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MILAN (Reuters Life!) - Gems from a collection once owned by the late first lady of Argentina Eva Peron, which had been stolen in Spain two years ago, were found in a luxury hotel in Milan, Italian police said on Wednesday.
The jewels, worth 6 million euro ($8.6 million), include a set of diamond rings, earrings and a tiara given to Peron, who was known as "Evita," by the Dutch royal family.
Lieutenant-Colonel Antonino Bolognani from Milan's investigative force told a news conference the occupants of the hotel room were on the run.
They are part a group from Serbia who had lived outside of Milan and set up scams involving fake bank notes organized through the Internet.
Posing as sheiks and Middle Eastern investors the thieves persuaded the owners of the Joyas Sofia jewelry shop in Valencia, Spain to sell them the collection, acquired from Peron's heirs after her death.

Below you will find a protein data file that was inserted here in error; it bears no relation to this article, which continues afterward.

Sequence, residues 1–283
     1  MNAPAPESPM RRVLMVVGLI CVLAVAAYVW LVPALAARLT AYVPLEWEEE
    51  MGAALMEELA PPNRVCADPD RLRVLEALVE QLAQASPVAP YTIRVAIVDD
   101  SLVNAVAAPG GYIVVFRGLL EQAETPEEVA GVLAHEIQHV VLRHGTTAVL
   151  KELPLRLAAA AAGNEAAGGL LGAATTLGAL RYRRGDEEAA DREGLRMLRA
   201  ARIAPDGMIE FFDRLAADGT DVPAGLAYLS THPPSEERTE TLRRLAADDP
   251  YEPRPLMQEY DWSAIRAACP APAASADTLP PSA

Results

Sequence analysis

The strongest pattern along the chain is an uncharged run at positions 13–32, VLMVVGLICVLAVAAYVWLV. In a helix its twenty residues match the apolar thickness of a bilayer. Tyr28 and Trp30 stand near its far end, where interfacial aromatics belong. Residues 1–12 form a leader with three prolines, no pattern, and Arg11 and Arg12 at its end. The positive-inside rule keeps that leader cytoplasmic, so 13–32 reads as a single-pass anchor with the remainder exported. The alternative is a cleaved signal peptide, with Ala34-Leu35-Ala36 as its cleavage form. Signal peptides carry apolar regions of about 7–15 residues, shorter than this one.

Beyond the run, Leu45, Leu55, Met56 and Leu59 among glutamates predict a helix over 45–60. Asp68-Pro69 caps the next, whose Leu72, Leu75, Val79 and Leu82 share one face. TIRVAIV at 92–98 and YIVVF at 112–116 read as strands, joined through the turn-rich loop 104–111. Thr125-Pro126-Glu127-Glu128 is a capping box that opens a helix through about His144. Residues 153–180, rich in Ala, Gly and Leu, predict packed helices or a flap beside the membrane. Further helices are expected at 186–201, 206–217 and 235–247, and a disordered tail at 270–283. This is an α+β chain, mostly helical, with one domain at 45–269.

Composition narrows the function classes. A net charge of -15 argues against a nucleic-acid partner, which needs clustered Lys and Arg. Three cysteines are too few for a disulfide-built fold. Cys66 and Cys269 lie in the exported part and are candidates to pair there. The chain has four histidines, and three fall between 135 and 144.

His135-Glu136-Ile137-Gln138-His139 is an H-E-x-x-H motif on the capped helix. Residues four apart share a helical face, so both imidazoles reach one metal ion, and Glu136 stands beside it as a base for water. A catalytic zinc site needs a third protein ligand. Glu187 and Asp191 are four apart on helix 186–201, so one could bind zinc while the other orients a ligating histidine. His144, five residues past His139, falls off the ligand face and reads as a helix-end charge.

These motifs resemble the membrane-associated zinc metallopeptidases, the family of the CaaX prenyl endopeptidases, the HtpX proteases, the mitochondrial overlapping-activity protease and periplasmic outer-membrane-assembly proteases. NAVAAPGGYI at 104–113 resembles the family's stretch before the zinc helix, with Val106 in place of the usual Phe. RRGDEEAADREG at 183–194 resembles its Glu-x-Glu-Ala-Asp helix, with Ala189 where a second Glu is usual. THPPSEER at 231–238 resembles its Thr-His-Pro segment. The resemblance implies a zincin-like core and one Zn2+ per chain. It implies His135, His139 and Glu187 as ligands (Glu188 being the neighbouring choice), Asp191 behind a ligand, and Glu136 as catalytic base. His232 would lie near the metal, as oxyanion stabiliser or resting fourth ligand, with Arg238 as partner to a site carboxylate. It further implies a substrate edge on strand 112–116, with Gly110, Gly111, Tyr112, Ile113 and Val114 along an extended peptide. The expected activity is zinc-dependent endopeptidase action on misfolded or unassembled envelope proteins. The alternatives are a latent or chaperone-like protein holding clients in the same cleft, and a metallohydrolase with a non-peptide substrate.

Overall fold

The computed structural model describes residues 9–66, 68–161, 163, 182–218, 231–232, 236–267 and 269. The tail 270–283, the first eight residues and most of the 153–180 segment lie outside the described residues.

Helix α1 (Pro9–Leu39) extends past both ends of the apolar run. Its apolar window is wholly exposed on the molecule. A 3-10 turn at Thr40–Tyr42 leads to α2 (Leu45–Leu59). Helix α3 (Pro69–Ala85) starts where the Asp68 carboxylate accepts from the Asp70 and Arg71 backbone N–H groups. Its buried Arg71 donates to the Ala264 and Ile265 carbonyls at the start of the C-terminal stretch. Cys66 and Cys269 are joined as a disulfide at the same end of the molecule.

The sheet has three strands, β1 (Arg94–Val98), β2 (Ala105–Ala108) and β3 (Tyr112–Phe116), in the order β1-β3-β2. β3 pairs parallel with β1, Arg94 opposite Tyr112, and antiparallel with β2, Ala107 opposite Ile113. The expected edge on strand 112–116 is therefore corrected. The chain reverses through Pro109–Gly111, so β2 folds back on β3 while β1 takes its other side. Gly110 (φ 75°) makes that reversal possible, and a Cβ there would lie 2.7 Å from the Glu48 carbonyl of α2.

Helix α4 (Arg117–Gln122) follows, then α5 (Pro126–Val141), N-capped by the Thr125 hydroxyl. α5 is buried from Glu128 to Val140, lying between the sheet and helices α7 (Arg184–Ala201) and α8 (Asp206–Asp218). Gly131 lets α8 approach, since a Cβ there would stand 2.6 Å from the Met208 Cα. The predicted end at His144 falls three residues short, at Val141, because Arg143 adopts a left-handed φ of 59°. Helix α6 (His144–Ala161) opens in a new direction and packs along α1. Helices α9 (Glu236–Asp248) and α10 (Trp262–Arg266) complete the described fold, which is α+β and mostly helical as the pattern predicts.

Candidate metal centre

During a meeting in December 2009, the thieves asked the jewelers to put the gems on a desk while they counted the 10 million euros payment.
"Under the desk was hiding one of the accomplices, substituting the real money with fake bank notes under the eyes of the victims," Bolognani told reporters.
The sellers suspected something was wrong and the thieves ran, grabbing the jewels. After months of investigations by Spanish and Italian police six of the gang members were arrested in Spain in May 2010 and another man was held in Milan.
When police broke into the Italian hotel room on Tuesday a member of the gang escaped, leaving behind him about three quarters of the missing jewels.
Evita died of cancer in 1952 and her husband Juan Peron was ousted by a coup three years later. He returned from exile to become president again in 1973 but died a year later.
Reporting by Chiara Prazzoli; editing by Patricia Reaney